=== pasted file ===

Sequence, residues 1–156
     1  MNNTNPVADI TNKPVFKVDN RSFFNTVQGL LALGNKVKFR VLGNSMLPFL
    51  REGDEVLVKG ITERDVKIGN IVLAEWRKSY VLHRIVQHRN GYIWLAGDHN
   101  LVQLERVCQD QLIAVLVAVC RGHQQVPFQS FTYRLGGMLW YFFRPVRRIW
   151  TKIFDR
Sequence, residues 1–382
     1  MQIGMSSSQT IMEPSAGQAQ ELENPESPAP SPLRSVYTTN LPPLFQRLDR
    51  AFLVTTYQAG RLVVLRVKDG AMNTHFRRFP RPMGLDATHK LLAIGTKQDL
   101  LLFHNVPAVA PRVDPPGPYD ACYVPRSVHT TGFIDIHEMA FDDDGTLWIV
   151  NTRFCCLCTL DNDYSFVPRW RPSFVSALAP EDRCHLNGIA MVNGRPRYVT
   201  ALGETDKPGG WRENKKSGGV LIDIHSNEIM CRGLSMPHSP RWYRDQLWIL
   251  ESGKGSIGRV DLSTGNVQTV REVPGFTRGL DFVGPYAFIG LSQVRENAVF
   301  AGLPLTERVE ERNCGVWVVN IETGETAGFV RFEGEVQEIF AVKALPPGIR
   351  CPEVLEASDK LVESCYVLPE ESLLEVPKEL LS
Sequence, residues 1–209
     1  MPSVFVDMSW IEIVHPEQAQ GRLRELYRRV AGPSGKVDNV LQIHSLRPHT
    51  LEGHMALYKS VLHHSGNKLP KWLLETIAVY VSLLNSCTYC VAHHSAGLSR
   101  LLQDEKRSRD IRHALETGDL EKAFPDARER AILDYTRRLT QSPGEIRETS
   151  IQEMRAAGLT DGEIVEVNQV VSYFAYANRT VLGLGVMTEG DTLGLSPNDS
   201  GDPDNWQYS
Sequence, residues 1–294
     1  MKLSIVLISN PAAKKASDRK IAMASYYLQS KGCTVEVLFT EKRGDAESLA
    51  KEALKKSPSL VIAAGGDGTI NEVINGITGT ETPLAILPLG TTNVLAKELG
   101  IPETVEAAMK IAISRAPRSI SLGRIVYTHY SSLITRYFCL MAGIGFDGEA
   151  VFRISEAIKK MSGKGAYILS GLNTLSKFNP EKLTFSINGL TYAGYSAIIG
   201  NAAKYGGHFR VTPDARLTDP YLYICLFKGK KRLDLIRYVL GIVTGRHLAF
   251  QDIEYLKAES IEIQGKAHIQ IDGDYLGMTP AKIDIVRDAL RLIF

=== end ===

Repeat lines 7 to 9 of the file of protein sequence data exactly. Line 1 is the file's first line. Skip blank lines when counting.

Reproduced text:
     1  MQIGMSSSQT IMEPSAGQAQ ELENPESPAP SPLRSVYTTN LPPLFQRLDR
    51  AFLVTTYQAG RLVVLRVKDG AMNTHFRRFP RPMGLDATHK LLAIGTKQDL
   101  LLFHNVPAVA PRVDPPGPYD ACYVPRSVHT TGFIDIHEMA FDDDGTLWIV